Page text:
The Irony of Long Form Content, User Experience, and SEO Blogs

Since your first girlfriend told you not to buy her a birthday present, and you actually listened, there hasn’t been an announcement this confusing. why confusing?! Because no one really knows the answer to the question:

What do readers actually want?

First, does the reader even matter? It’s Google’s world and we are all but players in it. Don’t know what readers want?! That’s ok. Google knows (or do they?).

For the past few years, Google has been taking large gulps straight from the user experience cool-aid, and telling us that we must all put the user first and create content that users will love.

But, what does that actually mean? Frankly, I have no f$%king clue but I’m willing to put my vote in the hat with all the other more and less educated guesses. 

These educated guesses tend to look like an eager to please child trying to please an absent parent: “Look at my title tags, Daddy”. “I got a 90% on my performance test today, Daddy”. “Why won’t you look at me?!”

Is it any wonder we grow up to be confused SEO consultants and experts.

For example, SEO gurus like Brian Dean of Backlinko and Rand Fishkin of MOZ will tell you that, to Google, user experience means social shares and time on page. So if you increase these metrics then you’ll improve user experience and improve your rankings, drive more traffic, and be an all around better person.

Could it really be that simple?

The real question is: Do you really have any other choice than to take SEO gurus at their word?

  • They’ve crunched the numbers and you haven’t.
  • They’ve crunched so many numbers it has to be true.
  • They’ve been doing this forever.
  • No one else is willing to defy them…at least not for the first few years. 

Unless you’ve built your own powerful SEO tool that has tons of data, it will take you forever to disprove these SEO icons. Not too many bloggers have the resources to do it or the interest to take them on.

So, we have to take them at their word that user experience is this very very important thing and that because longer content means more social shares, longer time on page, and Google loves that, then we must write longer content.

How the SEO guru system works

The gurus pump out a lot of content about how to write content, and not nearly as much about how to market it. Content without content marketing is like a castle without a wall and moat. It can’t defend itself against the competition. So why is there so much more content about content?

Because content is king but content marketing is less than noble.

If we’re students of history we know that when a king is throned prematurely he usually has to rely on his advisors to tell him what to do and how to rule. Coronating content has meant a proliferation of content creators. They possess a powerful tool at their disposal but lack the experience and knowledge of how to use it. At this point, step in the gurus, whose sinister plan is finally coming into fruition.

Believing that content is king, content creators are pumping out content like never before. The gurus tell them it’s not good enough quality, which is why it won’t rank. However, they know this is an oversimplification. It’s only the first step in their sales funnel.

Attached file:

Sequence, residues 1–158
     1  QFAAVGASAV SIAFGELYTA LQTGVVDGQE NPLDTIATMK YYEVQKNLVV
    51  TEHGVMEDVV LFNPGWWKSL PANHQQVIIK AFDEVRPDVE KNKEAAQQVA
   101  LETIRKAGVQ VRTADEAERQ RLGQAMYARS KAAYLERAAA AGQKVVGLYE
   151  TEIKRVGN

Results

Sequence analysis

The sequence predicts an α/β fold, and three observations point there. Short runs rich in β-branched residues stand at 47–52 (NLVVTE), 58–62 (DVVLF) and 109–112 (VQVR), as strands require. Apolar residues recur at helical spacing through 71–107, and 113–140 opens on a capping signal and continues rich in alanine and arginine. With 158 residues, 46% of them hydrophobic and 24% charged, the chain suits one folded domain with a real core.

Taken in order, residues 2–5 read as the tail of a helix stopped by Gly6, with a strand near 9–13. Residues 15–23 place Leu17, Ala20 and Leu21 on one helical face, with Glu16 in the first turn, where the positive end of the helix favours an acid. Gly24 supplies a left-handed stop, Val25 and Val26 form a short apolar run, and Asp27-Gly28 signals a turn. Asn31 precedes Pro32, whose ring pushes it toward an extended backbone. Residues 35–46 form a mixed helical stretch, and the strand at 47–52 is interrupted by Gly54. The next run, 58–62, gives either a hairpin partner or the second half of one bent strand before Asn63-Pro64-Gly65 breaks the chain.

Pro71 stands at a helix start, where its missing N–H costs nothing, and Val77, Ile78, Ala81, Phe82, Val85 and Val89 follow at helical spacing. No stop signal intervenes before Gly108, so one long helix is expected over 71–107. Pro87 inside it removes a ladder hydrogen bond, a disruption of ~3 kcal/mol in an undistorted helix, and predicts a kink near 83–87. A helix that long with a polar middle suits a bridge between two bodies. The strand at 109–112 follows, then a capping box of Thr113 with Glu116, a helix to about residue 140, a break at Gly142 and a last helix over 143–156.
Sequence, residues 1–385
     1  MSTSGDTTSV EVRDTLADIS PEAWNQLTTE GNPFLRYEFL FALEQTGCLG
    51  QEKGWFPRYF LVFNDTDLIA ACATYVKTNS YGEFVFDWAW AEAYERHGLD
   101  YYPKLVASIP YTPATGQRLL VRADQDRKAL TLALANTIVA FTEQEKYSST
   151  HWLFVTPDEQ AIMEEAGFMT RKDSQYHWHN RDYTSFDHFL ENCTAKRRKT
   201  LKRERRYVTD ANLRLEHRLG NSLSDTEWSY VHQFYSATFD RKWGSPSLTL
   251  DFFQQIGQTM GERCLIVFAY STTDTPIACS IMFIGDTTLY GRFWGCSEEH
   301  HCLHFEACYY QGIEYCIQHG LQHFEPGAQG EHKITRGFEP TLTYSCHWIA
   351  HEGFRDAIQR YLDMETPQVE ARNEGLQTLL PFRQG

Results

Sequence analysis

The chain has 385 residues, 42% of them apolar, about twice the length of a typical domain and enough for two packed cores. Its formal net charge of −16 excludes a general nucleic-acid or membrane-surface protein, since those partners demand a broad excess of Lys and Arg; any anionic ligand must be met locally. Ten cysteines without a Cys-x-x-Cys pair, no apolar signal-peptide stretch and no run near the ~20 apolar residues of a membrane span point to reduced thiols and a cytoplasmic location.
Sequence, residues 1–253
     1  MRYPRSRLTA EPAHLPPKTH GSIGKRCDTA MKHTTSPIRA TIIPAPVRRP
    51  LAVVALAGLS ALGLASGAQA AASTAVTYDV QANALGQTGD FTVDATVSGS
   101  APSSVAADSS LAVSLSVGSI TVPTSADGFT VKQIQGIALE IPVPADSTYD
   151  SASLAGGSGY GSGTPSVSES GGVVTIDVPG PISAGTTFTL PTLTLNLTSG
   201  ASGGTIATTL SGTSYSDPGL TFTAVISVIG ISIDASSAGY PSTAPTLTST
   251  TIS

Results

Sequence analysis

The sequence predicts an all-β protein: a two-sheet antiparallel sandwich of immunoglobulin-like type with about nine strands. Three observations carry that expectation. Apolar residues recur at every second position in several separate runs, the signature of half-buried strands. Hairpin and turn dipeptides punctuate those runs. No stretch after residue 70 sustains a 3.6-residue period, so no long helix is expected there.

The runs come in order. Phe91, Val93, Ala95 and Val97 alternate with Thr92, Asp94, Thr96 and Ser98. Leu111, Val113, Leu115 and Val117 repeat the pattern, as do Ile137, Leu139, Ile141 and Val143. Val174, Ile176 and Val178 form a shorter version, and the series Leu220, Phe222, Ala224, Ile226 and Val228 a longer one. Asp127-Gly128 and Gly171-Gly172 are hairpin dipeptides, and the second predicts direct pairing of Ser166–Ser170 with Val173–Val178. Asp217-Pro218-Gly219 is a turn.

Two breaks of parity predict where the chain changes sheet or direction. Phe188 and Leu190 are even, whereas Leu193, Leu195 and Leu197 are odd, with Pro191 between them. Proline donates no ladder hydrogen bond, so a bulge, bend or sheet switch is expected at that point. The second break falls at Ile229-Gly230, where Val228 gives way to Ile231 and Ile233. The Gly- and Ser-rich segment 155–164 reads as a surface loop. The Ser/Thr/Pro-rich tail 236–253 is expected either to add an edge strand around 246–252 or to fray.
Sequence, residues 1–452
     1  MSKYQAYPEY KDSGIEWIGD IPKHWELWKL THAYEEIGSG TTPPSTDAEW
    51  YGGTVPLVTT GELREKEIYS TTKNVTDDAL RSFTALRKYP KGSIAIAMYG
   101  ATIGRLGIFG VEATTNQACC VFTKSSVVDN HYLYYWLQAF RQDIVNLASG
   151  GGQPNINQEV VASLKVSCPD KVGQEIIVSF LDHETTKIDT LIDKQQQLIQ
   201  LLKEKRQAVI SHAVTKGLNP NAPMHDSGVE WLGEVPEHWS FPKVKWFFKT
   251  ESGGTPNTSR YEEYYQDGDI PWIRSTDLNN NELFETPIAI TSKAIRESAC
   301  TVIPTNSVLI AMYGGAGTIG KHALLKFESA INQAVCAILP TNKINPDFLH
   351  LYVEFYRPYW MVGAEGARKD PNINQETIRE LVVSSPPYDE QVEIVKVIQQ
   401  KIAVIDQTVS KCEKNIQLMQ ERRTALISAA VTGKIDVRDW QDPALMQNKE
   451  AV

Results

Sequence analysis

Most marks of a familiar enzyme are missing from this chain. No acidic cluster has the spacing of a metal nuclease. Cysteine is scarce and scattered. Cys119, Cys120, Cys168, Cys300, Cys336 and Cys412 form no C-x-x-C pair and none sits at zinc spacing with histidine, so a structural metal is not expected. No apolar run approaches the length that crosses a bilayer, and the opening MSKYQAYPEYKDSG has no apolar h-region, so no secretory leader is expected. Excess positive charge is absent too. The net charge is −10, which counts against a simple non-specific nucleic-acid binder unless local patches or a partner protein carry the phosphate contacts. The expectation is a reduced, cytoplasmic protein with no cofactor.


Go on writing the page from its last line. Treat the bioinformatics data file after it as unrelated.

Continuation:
They can only afford to give away just that much knowledge for free that will make the reader or viewer feel or see that they are making progress. But they know that if they give away the cow for free no one will pay for its milk.

Naturally, these gurus want to preserve the current atmosphere so they keep pumping the same old rhetoric about how great content is and how important user experience is for Google’s algorithms. When, in fact, nothing much has changed as far as Google is concerned. Keyword stuffing doesn’t work anymore? It sure does, you just need to be sophisticated about it. PBNs will get you a penalty? Not if you’re careful. Pagerank doesn’t exist? Call it what you like, there is a clear ranking for pages.

So if you think that if you write it, they will come, your strategy is deader than SEO. Just kidding. SEO is alive and kicking. And that’s the point. You have to promote your content. You must do off-page SEO and build links. You need to target your content at bots just as much as you do to actual readers. What you must find is a balance between being overly optimized for search engines and just waiting for search engines to find you. Because waiting for SEs to find you is like waiting for a boy to ask you to dance at a 5th grade party – You’ll be the last one left sitting on the side.

Develop simple strategies that can be scaled up. It’s great to find an ROI positive tactic for traffic generation but if you find one that scales, you’re really on to something. 

What do I mean? Well, scalable tactics have one thing in common, they’re simple to implement. And that’s what SEOs are looking for. A simple to implement tactic that will help them understand what the hell Google is on about.  So blogs like Backlinko and MOZ try to deliver actionable insights like “If you want to improve user experience and get on Google’s good graces you need to improve time on page, pages per session, and social shares”. In other words, engagement metrics. That’s a simple solution that can be easily scaled and turned into a formula.

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